OK so this is news that stays news as they say…
In 1963-4 Raymond Carver left the Iowa Writers Workshop..he drove to Sacramento.Â I have just metaphorically done the same only I don’t have a car and cannot drive (his was a battered Chevrolet not a Cadillac by the way).
I hinted at this news in previous posts but now as the paperwork almost complete I can say it.
I have left the NTU Creative Writing course. I completed one term.
The previous Fine Art M.A.was too recently completed. Too many personal politics and career questions clouded myÂ decision-makingÂ (a hangover from various complications within the School of Art and Design). Most of all I simply couldn’t face yet more modern educational tick-boxing (we call it learning outcome grids, I know I have written and marked hundreds of them) when all I wanted to do was write and make stuff. I didn’t feel like I had left work at all and I was paying for it. Â Not a good feeling. I really enjoyed David Belbin’s rigorous ‘prose poem’ classes and most of the core lectures.
I simply made a mistake by pursuing yet another M.A. within my own institution but this decision was shaped by practicalities and mostly financial considerations to do with travel. I originally looked at Sheffield University and Hallam and even Lincoln. I didn’t consider Nottingham University because I felt that would be undermining NTU to go there.
In the end I simply didn’t feel comfortable in a class mostly 30 years younger to be honest.Â I was swimming upstream in muddy water from the get-go a bit like one of Carver’s fish ( see a poem below written in 1989 before most in class were born!). I wish all the class and their tutors every success and look forward to the Anthology launch:-)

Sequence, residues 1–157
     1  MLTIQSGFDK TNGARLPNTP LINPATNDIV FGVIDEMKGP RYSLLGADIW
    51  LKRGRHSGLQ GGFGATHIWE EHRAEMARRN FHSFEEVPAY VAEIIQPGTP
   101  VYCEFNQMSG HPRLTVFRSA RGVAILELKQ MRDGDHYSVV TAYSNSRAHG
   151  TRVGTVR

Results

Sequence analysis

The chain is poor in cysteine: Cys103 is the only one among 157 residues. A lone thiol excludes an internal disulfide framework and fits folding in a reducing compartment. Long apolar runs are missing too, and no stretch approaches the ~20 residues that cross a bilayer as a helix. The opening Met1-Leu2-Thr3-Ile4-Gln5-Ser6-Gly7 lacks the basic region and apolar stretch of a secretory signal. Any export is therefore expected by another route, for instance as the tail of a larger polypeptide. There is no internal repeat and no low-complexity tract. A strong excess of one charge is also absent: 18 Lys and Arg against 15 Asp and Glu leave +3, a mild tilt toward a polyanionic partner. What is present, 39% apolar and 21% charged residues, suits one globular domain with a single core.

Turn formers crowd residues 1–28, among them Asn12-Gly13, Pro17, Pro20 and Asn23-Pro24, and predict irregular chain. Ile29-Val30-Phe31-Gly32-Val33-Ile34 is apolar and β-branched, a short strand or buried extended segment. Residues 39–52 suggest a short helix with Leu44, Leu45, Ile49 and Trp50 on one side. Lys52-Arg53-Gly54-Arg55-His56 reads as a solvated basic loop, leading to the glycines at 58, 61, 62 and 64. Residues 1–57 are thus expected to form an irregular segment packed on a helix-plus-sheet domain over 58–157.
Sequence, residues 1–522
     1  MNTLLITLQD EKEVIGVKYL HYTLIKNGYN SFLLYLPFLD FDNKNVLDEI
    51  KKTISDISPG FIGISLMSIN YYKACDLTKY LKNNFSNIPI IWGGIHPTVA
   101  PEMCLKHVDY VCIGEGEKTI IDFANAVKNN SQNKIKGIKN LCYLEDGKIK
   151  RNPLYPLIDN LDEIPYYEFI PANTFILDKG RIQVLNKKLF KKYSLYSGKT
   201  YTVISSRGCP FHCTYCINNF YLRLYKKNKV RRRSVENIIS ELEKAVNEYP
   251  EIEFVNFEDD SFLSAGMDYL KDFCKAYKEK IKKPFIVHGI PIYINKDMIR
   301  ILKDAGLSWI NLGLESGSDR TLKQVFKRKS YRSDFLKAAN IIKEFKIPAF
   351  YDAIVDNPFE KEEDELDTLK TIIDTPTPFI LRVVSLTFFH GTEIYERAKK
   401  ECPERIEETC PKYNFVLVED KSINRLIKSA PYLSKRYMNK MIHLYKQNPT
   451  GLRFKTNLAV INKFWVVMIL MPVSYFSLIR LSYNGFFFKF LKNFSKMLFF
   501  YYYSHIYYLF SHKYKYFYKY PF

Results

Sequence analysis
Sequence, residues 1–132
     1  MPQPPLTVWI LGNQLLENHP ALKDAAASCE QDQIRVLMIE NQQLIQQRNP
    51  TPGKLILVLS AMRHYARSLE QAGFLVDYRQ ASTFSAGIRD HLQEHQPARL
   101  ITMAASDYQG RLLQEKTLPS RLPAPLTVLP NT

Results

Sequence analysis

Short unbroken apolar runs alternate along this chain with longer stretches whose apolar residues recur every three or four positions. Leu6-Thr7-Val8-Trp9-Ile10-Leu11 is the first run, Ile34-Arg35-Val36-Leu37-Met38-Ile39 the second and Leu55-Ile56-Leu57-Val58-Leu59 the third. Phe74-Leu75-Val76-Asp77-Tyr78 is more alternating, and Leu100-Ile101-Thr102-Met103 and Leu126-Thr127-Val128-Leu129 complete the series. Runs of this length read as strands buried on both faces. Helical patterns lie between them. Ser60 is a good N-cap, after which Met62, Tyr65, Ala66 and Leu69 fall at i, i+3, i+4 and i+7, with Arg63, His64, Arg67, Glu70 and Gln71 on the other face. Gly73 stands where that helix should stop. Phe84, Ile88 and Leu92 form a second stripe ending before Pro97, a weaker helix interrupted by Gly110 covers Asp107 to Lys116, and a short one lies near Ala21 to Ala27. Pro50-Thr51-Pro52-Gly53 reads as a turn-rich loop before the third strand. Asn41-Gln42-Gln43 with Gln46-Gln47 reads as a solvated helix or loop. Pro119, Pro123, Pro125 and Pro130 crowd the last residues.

The experience has helpedÂ meÂ determine that I am not an ‘academic’ poet. Never was and never will be. I may be an academic art researcher we shall see.
I now attend monthly poetry sessions at the Nottingham Writers Studio and feel far more relaxed and creative. In all other respects things have been going very well and I could not be happier.
I intend to create as much ‘stuff’ as possible in the next few months I have left on ‘career break’ before returning to NTU SAD in July 2015.
There more than one way to catch a fish after all…
The image above is a cover of a self-made booklet of poems I made in 1990 when working at The London Poetry Library it is in their collection it is titled ‘Diesel on Gravel’
Its title and its contents reflect my discovery of Carver in 1985 through his book ‘Fires’. It contains a poem ‘Searching for a tomb’ which relates directly to the A.E.Coppard story told in another post here
Neither of us knew who that particular fish was then…
The one thing I have doneÂ properly whilst on the course, even if it made for a ‘bad’ essay, was excavating and confronting the Coppard ‘legacy’ if there is one. It was good for me to do it. I finally discovered new facts about him and read his work properly. That ghost is now laid to rest somewhere in an Oxfordshire graveyard.
Time to move on…
Which wraps everything up nicely.
Here the poem:
Searching for a tomb 1989
Sun shone warm on the bonnet
as we pulled up the gravel drive.
The old rectory stood deserted.
The congregation had been dwindling
these five years and twenty.
My father’s wellington’s flap
as he strides off through the wet grass.
I have a photo of him
sitting in his stepfather’s arms
holding a team of horses
pulling a plough aged about ten.
Here we are
Two figures caught in the open.
Standing in a churchyard.
Little Wittenham, Oxfordshire
On a frosty November evening.
My father is circling the headstones
and green iron crosses, looking.
A flock of doves twist and jink
in the blue air above us.
We stare down like two men on a bridge.
Staring into clear and shallow sunlit water
searching for the shadow of a fish.
The father he has never seen.
The grandfather I will never meet.